Hurricane Chris Has Left a Mark in the Atlantic: Cooler Water

Linda Lam
Published: July 11, 2018

Impacts with Hurricane Chris so far have been limited to rip currents and elevated surf along the U.S. East Coast, but Chris has left a mark on the ocean.

(MORE: Hurricane Central)

The hurricane left a short-lived change in sea-surface temperatures off the Southeast Coast. 

Before Chris developed off the East Coast, water temperatures from South Carolina to southern New England were warmer than average.

Chris began its life as a tropical depression July 6 and strengthened into a tropical storm a couple days later. The storm continued to spin off the Carolina coastline before becoming a hurricane July 10, when it began to track northeastward.

Sea surface temperatures decreased after Chris meandered off the Southeast Coast in early July 2018.

Water temperatures in the area where Chris was were near- to-slightly-cooler than average after Chris began to track away from the coast.

Chris remaining over the same area for an extended period of time brought cooler water to the ocean surface. The images above compare water temperatures before the hurricane and after it began to pull away from the area.

The process of cooler ocean water rising to the surface is called upwelling. It's caused by strong winds from tropical systems that churn up waters along their paths.

When a tropical cyclone remains over the same area for several days, the effect is more pronounced. The cooler water can ultimately lead to the system weakening.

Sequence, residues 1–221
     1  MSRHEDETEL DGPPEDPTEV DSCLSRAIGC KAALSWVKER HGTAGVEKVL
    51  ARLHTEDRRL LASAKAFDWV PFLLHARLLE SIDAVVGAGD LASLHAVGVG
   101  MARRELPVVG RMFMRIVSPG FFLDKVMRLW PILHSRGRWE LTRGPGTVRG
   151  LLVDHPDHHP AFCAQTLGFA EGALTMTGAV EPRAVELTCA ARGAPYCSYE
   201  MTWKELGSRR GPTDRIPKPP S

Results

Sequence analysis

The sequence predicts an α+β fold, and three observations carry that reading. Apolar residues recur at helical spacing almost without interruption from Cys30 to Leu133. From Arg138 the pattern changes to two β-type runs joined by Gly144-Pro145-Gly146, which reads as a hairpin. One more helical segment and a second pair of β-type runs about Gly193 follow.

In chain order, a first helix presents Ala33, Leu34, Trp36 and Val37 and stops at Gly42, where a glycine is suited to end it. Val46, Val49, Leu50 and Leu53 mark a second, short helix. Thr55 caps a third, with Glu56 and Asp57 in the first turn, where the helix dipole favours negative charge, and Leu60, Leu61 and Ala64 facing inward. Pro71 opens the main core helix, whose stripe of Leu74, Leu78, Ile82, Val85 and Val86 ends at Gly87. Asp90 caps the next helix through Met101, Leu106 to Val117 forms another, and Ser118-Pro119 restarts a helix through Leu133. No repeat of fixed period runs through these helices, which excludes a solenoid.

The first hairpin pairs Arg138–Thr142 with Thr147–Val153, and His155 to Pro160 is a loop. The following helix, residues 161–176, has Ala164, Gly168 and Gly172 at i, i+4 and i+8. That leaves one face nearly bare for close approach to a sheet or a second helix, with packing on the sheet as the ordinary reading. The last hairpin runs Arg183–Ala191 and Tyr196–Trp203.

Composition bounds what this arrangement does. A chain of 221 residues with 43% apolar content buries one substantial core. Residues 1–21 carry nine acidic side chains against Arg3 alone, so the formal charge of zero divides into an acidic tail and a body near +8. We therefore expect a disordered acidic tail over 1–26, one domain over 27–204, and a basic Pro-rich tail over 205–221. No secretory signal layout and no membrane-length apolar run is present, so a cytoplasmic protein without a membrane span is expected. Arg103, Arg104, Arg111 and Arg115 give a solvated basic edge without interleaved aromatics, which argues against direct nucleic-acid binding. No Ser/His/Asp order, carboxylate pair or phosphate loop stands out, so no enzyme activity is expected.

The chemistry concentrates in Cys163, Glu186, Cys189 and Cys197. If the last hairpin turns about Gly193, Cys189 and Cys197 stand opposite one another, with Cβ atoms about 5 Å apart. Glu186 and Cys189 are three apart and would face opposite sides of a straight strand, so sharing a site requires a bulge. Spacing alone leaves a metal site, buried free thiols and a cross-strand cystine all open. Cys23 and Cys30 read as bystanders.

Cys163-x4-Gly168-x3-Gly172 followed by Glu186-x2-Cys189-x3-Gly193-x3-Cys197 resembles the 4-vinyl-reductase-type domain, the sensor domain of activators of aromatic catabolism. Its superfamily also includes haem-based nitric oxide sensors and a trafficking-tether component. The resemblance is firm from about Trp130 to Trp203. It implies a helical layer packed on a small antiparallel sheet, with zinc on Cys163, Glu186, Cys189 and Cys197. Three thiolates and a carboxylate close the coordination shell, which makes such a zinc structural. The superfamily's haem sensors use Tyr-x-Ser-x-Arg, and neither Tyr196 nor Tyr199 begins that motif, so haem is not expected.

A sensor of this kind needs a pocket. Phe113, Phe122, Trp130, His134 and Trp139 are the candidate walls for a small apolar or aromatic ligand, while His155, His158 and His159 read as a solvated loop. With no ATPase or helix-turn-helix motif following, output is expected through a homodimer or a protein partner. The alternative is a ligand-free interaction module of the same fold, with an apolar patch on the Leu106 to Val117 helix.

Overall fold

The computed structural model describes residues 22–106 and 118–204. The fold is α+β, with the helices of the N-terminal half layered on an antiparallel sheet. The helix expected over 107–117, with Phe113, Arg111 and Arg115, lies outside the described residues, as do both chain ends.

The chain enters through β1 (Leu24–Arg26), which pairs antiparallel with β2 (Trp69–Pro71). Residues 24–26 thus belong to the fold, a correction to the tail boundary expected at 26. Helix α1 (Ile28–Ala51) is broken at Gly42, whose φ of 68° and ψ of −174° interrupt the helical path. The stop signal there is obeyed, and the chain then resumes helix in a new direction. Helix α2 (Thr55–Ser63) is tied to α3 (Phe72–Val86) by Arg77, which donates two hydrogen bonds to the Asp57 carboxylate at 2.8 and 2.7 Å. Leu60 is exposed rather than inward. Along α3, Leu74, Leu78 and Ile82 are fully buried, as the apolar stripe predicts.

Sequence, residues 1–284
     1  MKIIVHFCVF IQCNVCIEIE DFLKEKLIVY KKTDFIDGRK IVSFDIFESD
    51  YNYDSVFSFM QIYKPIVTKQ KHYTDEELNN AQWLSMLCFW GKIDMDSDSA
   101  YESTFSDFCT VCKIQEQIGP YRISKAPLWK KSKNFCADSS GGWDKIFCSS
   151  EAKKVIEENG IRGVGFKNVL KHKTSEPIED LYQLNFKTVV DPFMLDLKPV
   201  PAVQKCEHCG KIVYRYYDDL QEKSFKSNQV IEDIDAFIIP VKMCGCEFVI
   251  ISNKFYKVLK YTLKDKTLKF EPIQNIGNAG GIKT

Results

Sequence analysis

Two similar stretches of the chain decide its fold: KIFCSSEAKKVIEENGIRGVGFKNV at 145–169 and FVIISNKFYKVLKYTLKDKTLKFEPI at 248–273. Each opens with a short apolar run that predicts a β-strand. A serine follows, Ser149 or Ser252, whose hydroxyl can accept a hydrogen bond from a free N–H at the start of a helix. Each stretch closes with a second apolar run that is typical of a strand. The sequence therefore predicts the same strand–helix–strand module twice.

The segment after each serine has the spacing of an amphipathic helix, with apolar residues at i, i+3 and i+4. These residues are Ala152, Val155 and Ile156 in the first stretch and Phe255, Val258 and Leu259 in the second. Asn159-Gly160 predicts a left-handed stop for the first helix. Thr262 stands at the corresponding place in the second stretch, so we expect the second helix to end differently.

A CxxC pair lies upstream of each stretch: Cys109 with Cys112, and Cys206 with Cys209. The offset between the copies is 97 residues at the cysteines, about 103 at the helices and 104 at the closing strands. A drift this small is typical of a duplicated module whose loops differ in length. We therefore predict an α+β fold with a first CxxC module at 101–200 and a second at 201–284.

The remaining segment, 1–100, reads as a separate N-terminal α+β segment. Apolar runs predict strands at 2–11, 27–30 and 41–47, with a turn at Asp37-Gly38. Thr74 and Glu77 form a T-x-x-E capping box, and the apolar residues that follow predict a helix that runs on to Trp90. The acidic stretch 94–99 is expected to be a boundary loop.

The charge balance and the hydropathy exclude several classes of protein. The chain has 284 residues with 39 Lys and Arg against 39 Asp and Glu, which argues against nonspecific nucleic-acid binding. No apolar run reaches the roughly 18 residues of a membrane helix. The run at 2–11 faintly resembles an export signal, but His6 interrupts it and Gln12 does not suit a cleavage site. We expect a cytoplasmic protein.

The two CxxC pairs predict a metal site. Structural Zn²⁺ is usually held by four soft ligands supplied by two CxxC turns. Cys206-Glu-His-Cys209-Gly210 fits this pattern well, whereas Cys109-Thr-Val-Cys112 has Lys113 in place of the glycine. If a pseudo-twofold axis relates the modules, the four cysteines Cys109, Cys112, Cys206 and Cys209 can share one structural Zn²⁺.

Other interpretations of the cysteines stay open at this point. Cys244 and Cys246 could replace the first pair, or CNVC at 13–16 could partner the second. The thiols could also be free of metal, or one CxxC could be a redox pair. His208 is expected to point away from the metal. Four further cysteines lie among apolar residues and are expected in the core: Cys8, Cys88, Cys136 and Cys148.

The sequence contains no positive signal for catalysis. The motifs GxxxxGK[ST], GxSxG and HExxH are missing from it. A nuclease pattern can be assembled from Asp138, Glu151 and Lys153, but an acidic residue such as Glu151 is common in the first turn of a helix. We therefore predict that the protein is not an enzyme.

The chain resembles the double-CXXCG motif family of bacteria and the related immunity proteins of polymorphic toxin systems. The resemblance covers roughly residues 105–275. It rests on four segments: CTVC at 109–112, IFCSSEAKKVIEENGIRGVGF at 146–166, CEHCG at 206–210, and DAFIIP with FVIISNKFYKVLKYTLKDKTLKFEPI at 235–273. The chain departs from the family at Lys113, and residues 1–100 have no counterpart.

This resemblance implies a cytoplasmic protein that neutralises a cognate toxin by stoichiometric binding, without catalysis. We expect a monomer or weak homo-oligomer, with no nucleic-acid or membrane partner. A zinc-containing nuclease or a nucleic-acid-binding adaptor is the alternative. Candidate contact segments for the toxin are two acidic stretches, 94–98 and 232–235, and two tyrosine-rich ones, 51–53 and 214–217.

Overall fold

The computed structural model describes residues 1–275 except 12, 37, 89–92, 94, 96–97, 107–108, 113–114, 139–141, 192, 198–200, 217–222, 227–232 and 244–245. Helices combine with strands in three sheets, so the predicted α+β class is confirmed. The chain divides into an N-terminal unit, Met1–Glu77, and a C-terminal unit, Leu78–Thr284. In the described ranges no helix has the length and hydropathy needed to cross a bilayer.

Upwelling Has Occurred With Other Recent Storms

Upwelling occurs fairly regularly but is most noticeable with strong and slow-moving or meandering tropical cyclones.

As Chris was churning the waters in the western Atlantic, Super Typhoon Maria was tracking across the western Pacific. Along portions of Maria's path, cooler water temperatures were also brought to the surface.

Hurricane Harvey in 2017 did the same thing. Before the storm, water temperatures in the western Gulf of Mexico were 1.5 to 4 degrees Celsius warmer than average, according to NASA. As Harvey churned in the Gulf and dumped tremendous amounts of rainfall on Texas and Louisiana, waters cooled near the coasts. 

Sea surface temperatures cooled near the Texas coast due to Hurricane Harvey in August 2017.
(NASA)

In 2016, Hurricane Nicole had an unusual track that also led to noticeably cooler water temperatures along portions of its path.

This map shows sea surface temperature anomalies as Hurricane Nicole passed through the Atlantic Ocean in October 2016.
(NASA)

Nicole formed south of Bermuda on Oct. 4, 2016, and then meandered in the generally the same area for several days. In addition, Nicole was a strong hurricane that rapidly intensified to a Category 4 hurricane and remained a major hurricane as it passed close to Bermuda.

Due to the strong winds from the powerful hurricane and its wandering path, Nicole mainly left colder-than-average water temperatures in its wake, as shown on the map above.


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